Pressured, taxing, risky and hectic, a pilot’s lifestyle is anything but relaxed or easygoing. Leading a life that an average Joe might find hard to cope with, the airline pilots have an incredible amount of responsibility on their shoulders accompanied by the daily grind of shuttling from one city to another. While some gradually adapt to the lifestyle and handle the pressure gracefully, others become overwhelmed and struggle with stress and substance abuse problems.
In January 2018, moments before the departure of a British Airways flight, the police received a call from the cabin crew who claimed to smell alcohol on the pilot’s breath. Before the 300-passenger Boeing 777 flight 2063 due to depart from Gatwick to Mauritius could take-off, the police led the pilot away. While the aircraft remained at the gate until the airline arranged for a replacement pilot, the passengers were left dumbstruck at the tragedy that might have befallen if the drunk pilot was allowed to operate the flight.
Pilots are just like other people; they all have shortcomings. Abuse of alcohol and drugs among airline pilots can be attributed to erratic flight schedules due to weather conditions, lengthy flights and job-related stress. Becoming an aircraft pilot can be a very demanding profession for some as it demands intense focus, clarity of mind, good physical health and days away from home. Though intake of moderate levels of alcohol may relax one’s stressed-out nerves, too much of it, whether flying or not, can be quite dangerous. Alcohol is a central nervous depressant (CNS) that can impair the user’s judgment and lead to risk-taking behavior like accidents, fights and injuries.
While alcohol testing varies by country and a pilot’s alcohol limit varies depending on where the flight departs from and where it lands, in the U.S., use of drugs and alcohol is regulated by Federal Aviation Regulation (FAR) 91.17. The federal aviation administration (FAA) emphasizes on total avoidance of alcohol while planning or accomplishing a flight. As per the regulation, no pilot can operate an aircraft with a blood alcohol concentration (BAC) level of 0.04 percent or greater, within eight hours of consuming alcohol and while using any drug that may adversely affect the safety of the pilot and the passengers.
In a job that requires high levels of concentration, knowledge, skills and quick decision-making during emergency situations, even a small amount of alcohol in the blood can have a significant effect on a pilot’s brain and motor skills. Alcohol can impair one’s reaction time and too much of it can lead to double vision and difficulty in focusing. The problem is aggravated by the environmental factors of altitude and low humidity inside the aircraft along with fatigue, sleep deprivation, bad mood or lack of food intake by pilots.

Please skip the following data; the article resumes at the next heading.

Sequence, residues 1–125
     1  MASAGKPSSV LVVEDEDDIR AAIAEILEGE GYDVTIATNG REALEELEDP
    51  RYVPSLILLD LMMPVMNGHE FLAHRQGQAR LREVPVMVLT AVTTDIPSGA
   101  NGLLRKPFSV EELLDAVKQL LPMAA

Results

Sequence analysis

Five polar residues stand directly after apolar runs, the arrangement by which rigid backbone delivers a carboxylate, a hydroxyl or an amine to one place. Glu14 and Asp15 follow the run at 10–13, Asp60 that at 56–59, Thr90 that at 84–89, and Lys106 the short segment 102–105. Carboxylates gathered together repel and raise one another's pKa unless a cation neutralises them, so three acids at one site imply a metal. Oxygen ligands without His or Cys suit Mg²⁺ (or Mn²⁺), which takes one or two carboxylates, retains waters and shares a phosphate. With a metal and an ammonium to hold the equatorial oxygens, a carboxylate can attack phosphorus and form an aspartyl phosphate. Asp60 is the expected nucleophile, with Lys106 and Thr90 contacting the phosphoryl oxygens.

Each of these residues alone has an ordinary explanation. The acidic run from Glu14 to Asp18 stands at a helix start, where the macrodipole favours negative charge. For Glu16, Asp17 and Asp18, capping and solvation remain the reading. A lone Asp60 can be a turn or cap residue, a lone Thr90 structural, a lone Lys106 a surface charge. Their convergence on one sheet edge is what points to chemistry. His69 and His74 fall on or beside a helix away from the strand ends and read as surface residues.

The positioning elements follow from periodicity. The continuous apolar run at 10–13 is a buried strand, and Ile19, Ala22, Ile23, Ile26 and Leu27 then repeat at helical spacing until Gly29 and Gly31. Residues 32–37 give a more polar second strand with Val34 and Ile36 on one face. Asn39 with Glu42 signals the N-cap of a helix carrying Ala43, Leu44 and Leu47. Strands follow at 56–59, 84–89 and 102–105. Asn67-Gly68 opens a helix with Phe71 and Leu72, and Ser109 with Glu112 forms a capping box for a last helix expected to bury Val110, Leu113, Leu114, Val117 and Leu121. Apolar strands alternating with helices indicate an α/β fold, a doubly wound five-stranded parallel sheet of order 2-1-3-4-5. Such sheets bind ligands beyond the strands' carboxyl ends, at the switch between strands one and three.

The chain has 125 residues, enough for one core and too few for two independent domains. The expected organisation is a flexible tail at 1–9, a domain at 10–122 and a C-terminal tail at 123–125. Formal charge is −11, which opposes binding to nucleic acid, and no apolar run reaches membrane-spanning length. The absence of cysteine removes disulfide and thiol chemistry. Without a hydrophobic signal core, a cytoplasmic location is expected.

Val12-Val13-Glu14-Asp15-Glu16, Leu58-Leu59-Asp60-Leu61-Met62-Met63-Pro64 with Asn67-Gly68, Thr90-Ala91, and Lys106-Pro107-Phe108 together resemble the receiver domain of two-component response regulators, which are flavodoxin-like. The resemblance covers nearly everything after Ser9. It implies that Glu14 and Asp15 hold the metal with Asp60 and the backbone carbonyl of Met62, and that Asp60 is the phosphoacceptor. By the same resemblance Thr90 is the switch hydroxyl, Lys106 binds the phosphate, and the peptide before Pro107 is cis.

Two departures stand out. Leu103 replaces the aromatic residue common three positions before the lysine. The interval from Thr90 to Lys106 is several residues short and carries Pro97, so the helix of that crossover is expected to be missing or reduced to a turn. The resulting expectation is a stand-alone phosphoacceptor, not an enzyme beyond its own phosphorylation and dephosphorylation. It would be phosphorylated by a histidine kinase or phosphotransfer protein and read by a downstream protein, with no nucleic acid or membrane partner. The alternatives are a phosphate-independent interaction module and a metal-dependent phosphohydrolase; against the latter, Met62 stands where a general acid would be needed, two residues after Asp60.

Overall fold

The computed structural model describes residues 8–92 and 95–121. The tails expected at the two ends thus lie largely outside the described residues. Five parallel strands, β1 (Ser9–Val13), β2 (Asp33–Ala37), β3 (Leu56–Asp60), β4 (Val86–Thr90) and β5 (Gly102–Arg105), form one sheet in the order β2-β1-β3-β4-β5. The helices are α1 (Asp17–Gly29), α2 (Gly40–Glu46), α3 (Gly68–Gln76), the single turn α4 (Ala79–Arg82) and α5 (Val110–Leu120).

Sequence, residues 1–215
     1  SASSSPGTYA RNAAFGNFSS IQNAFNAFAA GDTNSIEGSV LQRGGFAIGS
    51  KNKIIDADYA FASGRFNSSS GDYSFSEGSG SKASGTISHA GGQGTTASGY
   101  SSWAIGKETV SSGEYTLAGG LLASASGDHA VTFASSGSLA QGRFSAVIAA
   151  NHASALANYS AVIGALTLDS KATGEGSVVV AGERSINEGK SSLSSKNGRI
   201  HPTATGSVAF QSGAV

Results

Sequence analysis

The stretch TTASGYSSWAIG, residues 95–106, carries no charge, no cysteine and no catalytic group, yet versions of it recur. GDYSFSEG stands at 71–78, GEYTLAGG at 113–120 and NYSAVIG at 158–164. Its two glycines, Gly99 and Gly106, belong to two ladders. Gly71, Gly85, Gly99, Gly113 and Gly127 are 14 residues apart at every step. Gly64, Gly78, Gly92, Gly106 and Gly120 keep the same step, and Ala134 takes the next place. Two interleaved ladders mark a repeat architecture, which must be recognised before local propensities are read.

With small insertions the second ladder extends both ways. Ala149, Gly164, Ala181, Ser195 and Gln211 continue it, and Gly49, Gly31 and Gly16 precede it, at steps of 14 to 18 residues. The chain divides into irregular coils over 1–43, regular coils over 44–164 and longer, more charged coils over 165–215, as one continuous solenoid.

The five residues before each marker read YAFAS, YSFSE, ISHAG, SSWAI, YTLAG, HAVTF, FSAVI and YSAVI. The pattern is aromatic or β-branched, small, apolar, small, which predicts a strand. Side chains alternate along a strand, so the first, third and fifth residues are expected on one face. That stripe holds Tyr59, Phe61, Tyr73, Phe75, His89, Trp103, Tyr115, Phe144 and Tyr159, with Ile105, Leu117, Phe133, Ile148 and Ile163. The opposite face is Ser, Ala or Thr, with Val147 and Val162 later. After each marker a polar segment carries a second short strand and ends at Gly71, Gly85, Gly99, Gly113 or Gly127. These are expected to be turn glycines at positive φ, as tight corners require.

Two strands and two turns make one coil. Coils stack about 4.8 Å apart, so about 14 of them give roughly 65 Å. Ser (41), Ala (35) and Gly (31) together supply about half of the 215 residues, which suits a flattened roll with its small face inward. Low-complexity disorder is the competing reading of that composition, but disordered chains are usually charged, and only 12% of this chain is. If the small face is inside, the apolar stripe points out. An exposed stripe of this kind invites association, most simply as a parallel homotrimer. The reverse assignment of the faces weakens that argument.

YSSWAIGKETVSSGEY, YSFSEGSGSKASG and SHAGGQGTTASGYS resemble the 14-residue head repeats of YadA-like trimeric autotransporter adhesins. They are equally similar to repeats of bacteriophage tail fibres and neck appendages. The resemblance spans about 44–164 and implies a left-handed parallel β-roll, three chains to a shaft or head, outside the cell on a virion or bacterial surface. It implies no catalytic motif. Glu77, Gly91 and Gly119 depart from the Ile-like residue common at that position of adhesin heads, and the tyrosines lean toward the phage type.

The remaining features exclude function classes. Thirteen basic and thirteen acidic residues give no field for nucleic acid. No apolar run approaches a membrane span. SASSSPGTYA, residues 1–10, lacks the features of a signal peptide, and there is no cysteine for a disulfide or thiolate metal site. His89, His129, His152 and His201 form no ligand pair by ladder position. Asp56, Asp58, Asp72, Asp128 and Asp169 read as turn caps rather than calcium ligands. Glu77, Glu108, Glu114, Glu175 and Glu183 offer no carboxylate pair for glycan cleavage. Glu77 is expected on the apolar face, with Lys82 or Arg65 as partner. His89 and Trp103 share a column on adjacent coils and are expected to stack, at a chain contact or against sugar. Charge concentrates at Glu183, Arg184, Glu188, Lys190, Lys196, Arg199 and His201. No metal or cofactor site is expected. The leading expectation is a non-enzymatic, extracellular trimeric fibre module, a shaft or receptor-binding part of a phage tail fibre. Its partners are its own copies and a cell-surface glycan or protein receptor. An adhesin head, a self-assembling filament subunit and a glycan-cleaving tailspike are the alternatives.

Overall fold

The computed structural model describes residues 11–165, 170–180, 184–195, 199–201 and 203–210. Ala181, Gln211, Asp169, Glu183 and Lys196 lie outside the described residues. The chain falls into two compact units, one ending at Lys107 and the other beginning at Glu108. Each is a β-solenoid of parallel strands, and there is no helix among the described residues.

If left unchecked, occasional drinking can rapidly transform into dependence and addiction. For pilots dealing with substance abuse, an early treatment is the best option possible. Fear of loss of job, embarrassment or a false sense of ‘being under control’ might force some to never acknowledge that they have problematic drinking habit. An effective recovery from alcohol demands user’s wholehearted participation in a structured program at a professional rehab center that combines detox with therapy or counseling sessions.
Addiction may be a complex disease but recovery is definitely possible. A comprehensive treatment for alcohol addiction may include medicine-assisted detox, psychotherapy or counseling sessions under professional care in a safe and comfortable environment.
If you know someone battling an addiction to alcohol, it’s time to get them professional help. At the 24/7 Recovery Helpline, we can help you or your loved one find the most suitable treatment options at a top-notch inpatient alcohol detox center near you. Take your first step towards recovery by calling us at our 24/7 helpline (855) 441-4405 or chatting online with experts and get access to the finest inpatient alcohol rehab centers.